Guy Woolnough – Blood Sports in Victorian Cumbria

Guy Woolnough – Keele University 

This post accompanies Guy Woolnough’s JVC article ‘Blood Sports in Victorian Cumbria: Policing Cultural Change’, which can be downloaded here.

Cumbria is different and special. This is an opinion that most present-day visitors today will share with the great and good of the 19th century: the Wordsworths, John Ruskin, Harriet Martineau, Matthew Arnold, Beatrix Potter and many more expressed their appreciation of Cumbria’s uniqueness.

George Steadman, circa 1900

Sport is just one area of culture where Cumbria has long differed from the rest of England. Hound trailing, sheep dog trials, fell racing and Cumberland and Westmorland wrestling were all Cumbrian inventions which enjoyed growing popularity in the 19th century. When I was researching the work of the police in Victorian Cumbria, it was inevitable that I should have to consider sport. George Steadman cropped up early on. George was a great Cumbrian wrestler and hero, a ‘World Champion’ of Cumberland and Westmorland wrestling who dominated the sport for many years and only retired (according to the legend) in order to give the youngsters a chance. The contemporary newspapers wrote of him in tones that implied he could do no wrong. So I was delighted to discover that George was in trouble with the police on at least three occasions: once, as a young man, for poaching, and twice in later years for licensing offences when he was a pub landlord. George was no longer just a hero in the respectable world of Lakeland Sports, he also had a foot in the disreputable camp of poaching and dodgy pubs.

However, wrestling enjoyed a privileged status in Cumbria. Although the meetings, held in or outside pubs, were very frequent, and gambling, bookmakers and match fixing were the norm, I was unable to find any prosecutions arising from a wrestling event in Cumbria in the nineteenth century.  The police attended big matches, but they do not appear to have done anything other than enjoy spectating.

Jem Mace vs Joe Goss, 1866

Twice Jem brought prize-fights to Cumbria. Both of these contests were attended by the police, not to spectate, but to close them down as disorderly gatherings. Prize fights were few and far between in Cumbria but they were stopped with ruthless efficiency by the police, and the participants prosecuted. It is difficult to understand why wrestling was regarded as a manly, rational recreation but pugilism was condemned as disgraceful. Both events attracted large crowds of men who were drinking and betting. The only obvious difference is that there was usually no blood in a wrestling match.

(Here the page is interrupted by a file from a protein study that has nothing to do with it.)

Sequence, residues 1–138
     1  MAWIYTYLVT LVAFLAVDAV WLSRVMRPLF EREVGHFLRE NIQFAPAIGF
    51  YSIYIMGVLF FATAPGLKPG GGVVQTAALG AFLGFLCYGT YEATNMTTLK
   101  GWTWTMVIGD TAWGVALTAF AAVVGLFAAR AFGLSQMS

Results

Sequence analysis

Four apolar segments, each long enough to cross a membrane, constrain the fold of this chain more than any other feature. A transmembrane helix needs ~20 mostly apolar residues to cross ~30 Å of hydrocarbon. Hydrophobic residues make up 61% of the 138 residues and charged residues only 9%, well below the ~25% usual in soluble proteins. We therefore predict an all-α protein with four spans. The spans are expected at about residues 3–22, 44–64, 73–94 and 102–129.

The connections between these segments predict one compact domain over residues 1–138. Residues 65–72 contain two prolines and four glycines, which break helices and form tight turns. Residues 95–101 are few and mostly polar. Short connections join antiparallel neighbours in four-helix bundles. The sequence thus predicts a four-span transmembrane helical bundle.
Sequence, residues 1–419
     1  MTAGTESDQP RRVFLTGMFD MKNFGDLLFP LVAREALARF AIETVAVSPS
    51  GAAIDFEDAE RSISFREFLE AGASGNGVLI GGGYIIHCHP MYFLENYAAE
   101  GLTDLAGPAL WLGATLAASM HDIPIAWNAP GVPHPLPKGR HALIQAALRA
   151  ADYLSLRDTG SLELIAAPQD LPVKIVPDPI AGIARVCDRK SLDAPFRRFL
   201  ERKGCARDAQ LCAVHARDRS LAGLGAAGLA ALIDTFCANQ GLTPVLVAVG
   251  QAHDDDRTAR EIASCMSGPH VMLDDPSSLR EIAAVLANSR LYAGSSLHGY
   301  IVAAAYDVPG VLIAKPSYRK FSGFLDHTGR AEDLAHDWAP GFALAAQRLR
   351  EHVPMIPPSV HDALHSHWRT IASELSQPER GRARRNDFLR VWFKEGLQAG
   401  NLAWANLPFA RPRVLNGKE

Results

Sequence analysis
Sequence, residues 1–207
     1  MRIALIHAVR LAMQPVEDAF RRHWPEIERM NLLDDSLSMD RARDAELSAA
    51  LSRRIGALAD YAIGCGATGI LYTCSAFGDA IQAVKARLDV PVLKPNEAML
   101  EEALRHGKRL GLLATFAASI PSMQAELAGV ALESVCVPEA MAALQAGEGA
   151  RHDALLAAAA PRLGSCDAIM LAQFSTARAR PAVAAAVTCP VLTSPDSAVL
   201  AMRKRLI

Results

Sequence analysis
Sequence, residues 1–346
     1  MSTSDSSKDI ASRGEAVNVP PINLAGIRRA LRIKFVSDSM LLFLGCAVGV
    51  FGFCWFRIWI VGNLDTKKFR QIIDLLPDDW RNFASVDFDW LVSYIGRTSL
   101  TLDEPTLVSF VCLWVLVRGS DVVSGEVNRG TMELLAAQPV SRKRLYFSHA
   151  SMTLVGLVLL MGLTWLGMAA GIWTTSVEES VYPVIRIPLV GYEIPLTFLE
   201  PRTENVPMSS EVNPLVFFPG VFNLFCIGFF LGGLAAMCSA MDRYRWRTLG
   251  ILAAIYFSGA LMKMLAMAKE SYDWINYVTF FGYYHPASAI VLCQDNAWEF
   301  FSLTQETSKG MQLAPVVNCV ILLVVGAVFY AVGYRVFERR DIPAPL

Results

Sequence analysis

I took my research to another, similar sporting event, cock-fighting. The secondary sources I consulted implied that cock-fighting died out within a few years of its being made illegal. Amazingly, in the Westmorland Gazette (5 July 2012, p31) an RSPCA officer was quoted as saying that there have been ‘about 12 prosecutions for cock-fighting in the UK since 1835’. I realised that this was absurd: there were many times more prosecutions in Victorian Cumbria alone.

A cock-fight, London, 1808

Cock-fighting has striking similarities with bare-knuckle fighting. Both are ‘masculine’ events where two male protagonists fight until one of them cannot continue. Blood is spilt, men place large bets and plenty of alcohol is consumed. Cock-fighting had a strong following in Victorian Cumbria. Its Cumbrian supporters resented the law and the police interfering with their sport, but there were also many Cumbrians who condemned the sport as depraved and immoral. What led me to research this topic and to write my article is the paradox that these three sports, which have striking similarities, were each regarded so differently. Prize fighting was reviled, wrestling was revered and cock-fighting divided opinion. My article focuses upon prize-fighting and cock-fighting to explore the roots of the contradictions in working class cultures. The criminal justice system is where these contradictions were negotiated, and the police were the working class men who acted (or failed to act) and thereby managed the tensions created. This study proves that cultural change in working class Victorian Cumbria was not effected by the policies of the elite. It challenges the idea of ‘progress’ imposed upon local plebeian cultures, and demonstrates how the police were not simply following orders but were key agents in any civilising process.  The regulation of blood sports in Cumbria was determined by the actions and opinions of ordinary policemen.

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